If anything like police abolition ever occurred, it’s easy to predict what would happen next. In the subsequent vacuum of physical power, wealthy neighborhoods would deploy private police forces, and poor neighborhoods would organize around criminal gangs — deepening structural inequalities and harming the very people that the police abolitionists say they want to help. Even Scott, when pressed by a local journalist about how he would respond to a shooting in his district, conceded that “we live in a world where it’s not possible to turn anywhere for help on big questions like this but to the police force.”

Reform the police? Sure. Abolish them? Never.

Christopher F. Rufo is a contributing editor of City Journal, documentary filmmaker, and research fellow at the Discovery Institute’s Center on Wealth & Poverty. He’s directed four films for PBS, including his new film, “America Lost,” which tells the story of three “forgotten American cities.” This piece originally appeared in City Journal.

NYPD New Report – Black Perpetrators Dominate in Racist and Gay People Attacks

Truth Hate Crimes NYC

Last week, the NYPD published its hate-crimes report for the third quarter, and the results are troubling.

Start with the anti-Semitism. Over the last 12 months, there were 246 ­anti-Semitic crimes in the Big Apple, up from 144 over the previous 12 months. The number of anti-Semitic assaults jumped to 33 in 2018, up from 17 in 2017, and is on pace to rise again this year, with 19 in just the first half of the year. These attacks brutally target Orthodox Jews, often in broad daylight in Brooklyn neighborhoods that are home to the community.

Then there’s the anti-LGBT violence. The most recent quarterly report tallies 20 incidents, bringing the total number of attacks over the past 12 months to 63, up from 48 in the previous 12 months.

Finally, there’s the anti-Muslim violence, most of which goes ­unreported (and isn’t well-captured in the report as a result). Yet it is possible to track trends by paying attention to local news and other city agencies. Many of the attacks on this community take place in the Bronx.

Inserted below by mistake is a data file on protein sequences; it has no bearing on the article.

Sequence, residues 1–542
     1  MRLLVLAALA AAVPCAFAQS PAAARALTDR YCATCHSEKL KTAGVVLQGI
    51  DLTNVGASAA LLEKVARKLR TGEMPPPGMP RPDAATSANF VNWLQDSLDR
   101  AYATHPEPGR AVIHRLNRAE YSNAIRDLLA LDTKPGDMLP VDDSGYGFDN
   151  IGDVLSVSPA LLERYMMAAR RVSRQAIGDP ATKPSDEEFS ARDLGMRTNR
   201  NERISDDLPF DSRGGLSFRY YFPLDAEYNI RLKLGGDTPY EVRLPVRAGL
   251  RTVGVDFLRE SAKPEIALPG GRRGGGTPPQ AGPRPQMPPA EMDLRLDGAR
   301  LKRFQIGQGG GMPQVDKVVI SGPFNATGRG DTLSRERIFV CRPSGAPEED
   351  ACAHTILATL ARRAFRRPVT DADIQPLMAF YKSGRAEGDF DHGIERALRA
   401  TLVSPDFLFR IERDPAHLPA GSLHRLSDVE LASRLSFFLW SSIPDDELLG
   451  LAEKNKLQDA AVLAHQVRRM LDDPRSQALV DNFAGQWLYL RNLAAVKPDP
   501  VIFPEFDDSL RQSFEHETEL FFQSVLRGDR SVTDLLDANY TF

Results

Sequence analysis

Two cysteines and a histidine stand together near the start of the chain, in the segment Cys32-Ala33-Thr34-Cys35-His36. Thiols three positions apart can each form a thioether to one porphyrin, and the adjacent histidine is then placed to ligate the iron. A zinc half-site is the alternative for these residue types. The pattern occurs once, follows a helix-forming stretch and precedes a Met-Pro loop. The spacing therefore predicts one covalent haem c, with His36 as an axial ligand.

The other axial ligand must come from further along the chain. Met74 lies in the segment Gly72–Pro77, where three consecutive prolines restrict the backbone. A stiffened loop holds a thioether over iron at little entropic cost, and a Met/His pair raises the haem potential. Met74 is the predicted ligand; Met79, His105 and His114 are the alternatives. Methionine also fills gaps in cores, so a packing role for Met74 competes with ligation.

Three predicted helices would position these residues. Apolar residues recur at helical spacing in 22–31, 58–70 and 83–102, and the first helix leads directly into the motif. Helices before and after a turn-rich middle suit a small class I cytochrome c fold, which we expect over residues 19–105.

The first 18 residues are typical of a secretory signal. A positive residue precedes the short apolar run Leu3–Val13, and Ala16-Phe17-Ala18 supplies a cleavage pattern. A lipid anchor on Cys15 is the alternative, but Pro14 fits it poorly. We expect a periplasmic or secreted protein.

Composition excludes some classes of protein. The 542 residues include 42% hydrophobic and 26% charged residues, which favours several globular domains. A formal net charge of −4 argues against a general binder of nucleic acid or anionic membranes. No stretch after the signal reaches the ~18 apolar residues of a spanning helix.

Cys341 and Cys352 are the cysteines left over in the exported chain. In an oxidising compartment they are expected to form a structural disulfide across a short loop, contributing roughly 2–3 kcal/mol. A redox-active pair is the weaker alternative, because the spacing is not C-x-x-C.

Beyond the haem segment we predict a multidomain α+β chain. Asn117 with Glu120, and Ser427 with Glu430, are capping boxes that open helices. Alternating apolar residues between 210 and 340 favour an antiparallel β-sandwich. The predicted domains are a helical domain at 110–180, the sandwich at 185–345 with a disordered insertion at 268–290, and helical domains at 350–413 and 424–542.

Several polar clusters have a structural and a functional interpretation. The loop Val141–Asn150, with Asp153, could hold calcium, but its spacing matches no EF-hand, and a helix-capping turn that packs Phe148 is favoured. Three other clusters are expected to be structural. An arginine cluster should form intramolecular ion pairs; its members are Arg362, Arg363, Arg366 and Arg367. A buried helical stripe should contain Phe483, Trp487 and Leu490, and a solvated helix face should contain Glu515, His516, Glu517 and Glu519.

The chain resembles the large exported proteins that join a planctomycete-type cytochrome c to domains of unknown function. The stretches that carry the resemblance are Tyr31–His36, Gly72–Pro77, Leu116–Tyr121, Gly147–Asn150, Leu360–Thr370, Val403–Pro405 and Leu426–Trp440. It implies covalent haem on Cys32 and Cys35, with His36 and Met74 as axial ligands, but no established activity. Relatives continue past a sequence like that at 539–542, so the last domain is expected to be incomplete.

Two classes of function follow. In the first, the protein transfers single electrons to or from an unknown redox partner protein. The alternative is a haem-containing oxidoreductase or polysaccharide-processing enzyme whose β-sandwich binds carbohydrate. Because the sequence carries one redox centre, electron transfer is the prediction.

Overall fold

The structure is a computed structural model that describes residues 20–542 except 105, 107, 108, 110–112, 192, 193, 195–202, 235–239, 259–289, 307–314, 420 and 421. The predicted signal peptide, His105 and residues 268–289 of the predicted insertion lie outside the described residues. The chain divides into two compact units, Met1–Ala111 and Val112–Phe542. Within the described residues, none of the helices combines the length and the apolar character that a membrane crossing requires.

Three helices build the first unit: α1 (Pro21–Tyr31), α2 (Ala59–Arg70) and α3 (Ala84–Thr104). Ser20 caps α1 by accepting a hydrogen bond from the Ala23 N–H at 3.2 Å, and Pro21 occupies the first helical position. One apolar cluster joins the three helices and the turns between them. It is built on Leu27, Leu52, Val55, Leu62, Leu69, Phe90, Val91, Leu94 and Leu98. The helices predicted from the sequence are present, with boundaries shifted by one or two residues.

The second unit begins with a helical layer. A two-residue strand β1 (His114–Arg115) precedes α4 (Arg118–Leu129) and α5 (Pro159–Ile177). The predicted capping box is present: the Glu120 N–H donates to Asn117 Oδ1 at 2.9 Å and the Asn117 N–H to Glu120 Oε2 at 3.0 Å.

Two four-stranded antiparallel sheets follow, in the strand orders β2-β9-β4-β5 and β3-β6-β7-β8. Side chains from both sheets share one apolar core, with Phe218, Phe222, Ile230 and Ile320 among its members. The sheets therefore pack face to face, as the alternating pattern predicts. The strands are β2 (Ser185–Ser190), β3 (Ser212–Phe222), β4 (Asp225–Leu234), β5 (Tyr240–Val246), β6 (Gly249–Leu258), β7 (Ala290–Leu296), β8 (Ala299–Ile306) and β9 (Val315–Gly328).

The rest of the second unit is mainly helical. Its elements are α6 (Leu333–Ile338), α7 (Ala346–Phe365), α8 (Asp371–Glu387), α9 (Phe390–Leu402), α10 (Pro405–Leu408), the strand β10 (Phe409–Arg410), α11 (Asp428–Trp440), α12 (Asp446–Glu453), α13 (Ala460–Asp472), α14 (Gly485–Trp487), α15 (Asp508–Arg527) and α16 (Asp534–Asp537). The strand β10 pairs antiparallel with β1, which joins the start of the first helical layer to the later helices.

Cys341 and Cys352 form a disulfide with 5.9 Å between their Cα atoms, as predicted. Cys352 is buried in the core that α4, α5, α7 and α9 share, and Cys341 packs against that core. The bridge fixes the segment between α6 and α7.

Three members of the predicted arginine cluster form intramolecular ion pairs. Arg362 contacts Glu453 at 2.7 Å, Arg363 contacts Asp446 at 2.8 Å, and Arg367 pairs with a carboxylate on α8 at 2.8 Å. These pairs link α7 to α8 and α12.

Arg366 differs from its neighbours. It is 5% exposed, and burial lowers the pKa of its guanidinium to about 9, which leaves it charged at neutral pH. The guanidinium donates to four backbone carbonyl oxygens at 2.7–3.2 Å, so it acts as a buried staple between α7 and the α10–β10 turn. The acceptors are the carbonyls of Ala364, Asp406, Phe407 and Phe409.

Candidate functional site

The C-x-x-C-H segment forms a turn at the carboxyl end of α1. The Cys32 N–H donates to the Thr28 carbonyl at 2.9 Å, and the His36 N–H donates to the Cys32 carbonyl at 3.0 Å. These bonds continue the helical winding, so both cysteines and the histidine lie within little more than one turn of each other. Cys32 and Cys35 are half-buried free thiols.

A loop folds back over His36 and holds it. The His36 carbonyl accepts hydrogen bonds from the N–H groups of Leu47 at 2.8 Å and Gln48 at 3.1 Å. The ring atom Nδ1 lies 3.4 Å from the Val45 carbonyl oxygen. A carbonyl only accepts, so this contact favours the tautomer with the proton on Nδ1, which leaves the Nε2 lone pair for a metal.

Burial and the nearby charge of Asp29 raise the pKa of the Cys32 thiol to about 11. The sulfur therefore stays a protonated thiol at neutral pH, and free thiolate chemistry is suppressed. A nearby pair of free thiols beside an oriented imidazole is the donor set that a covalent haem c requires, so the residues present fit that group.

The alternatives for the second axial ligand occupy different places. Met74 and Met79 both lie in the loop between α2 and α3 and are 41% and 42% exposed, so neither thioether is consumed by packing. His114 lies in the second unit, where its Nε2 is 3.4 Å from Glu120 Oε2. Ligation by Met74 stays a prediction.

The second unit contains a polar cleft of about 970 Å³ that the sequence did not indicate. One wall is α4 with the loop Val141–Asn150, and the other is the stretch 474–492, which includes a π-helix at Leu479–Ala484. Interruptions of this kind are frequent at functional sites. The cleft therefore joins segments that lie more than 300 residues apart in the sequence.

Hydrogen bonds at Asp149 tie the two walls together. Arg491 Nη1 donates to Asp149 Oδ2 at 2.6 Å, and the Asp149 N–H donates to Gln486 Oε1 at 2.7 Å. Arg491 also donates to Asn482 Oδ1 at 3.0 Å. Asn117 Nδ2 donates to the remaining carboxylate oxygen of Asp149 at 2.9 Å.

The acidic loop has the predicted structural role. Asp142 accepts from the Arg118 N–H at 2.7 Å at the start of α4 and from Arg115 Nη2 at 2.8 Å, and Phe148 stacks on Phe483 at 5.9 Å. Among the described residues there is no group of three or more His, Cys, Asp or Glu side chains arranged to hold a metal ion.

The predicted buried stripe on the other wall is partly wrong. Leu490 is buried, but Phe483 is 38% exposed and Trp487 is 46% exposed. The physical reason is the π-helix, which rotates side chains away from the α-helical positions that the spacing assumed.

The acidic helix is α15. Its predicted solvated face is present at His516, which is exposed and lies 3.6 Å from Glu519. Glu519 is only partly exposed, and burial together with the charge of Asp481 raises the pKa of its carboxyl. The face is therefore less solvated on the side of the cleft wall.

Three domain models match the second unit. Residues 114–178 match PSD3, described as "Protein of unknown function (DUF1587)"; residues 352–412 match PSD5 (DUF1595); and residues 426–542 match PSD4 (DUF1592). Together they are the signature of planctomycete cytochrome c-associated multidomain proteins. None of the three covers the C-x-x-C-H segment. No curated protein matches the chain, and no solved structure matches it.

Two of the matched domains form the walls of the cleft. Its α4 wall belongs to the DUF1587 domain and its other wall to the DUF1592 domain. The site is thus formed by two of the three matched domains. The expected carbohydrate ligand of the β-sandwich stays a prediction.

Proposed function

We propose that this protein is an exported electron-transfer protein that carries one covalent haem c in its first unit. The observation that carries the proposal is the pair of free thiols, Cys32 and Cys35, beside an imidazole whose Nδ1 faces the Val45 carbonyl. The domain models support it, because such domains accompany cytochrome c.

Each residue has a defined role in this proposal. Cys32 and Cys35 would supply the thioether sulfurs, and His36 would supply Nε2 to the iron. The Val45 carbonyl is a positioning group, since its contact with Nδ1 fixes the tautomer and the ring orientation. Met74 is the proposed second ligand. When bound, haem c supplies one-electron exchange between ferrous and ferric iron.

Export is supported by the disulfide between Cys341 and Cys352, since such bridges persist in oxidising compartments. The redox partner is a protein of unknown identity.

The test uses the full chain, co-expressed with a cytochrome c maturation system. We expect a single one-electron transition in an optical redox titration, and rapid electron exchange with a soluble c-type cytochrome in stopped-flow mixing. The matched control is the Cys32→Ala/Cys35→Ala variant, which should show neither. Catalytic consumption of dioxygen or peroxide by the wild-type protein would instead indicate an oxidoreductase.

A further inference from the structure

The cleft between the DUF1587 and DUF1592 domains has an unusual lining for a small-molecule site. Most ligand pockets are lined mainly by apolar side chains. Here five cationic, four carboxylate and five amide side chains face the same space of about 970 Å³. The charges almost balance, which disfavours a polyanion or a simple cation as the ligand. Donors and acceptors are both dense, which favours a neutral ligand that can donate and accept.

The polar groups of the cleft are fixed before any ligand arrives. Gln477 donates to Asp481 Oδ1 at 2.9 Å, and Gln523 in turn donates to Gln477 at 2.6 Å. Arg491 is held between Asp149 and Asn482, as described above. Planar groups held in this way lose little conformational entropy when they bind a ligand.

Regardless of the victims’ identity, perpetrators too often escape justice. The attackers in the January anti-Muslim case were only caught because the mother of one of them turned in her 14-year-old son. The Muslim woman beaten up this spring, meanwhile, had to track down street-camera footage on her own before police would pursue the case, having initially dropped it after she failed to make an identification.

Yet there is little pressure on the NYPD from activists who are normally quick to denounce hate crimes and bigotry. What explains this silence? The perpetrators have been disproportionately black.

As the investigative reporter ­Armin Rosen pointed out in Tablet, “many of the [anti-Jewish] attacks are being carried out by people of color with no ties to the politics of white supremacy.” As he noted, even in cases where no one is caught, video footage overwhelmingly shows minority attackers. Blacks comprised seven of the nine anti-Jewish hate-crime perpetrators arrested during the third quarter.

In the most recent report, blacks comprised 24 of the 34 (71 percent) perpetrators arrested for all hate crimes. After reaching a high of 61 percent in the second quarter of 2018, the black share consistently declined to 14 percent in the second quarter of 2019 but has now shot back up. The NYPD doesn’t account for this odd oscillation, though one wonders if there is a political component to this, as well.

Black perpetrators are especially prominent in anti-LGBT crimes, comprising 10 of the 12 arrested for those crimes in the latest quarterly report. Overall, since the beginning of 2017, blacks comprised 56 percent — 61 of 108 — of those ­arrested for anti-LGBT hate crimes.

But in many urban areas, the problem is complicated by the fact that many of the perpetrators themselves are minorities. Just because facts make us uncomfortable, however, doesn’t mean we should ignore them.

The social-justice community must take hate-crime stats seriously — even when the crimes aren’t committed by white ­supremacists. We must find the courage to look at the warts in the black community before bigoted violence escalates even further.

Robert Cherry is a professor emeritus of economics at Brooklyn College and the CUNY Graduate Center.

Retired Police Officer Dianna Muller creates the ‘The DC Project’ to protect Women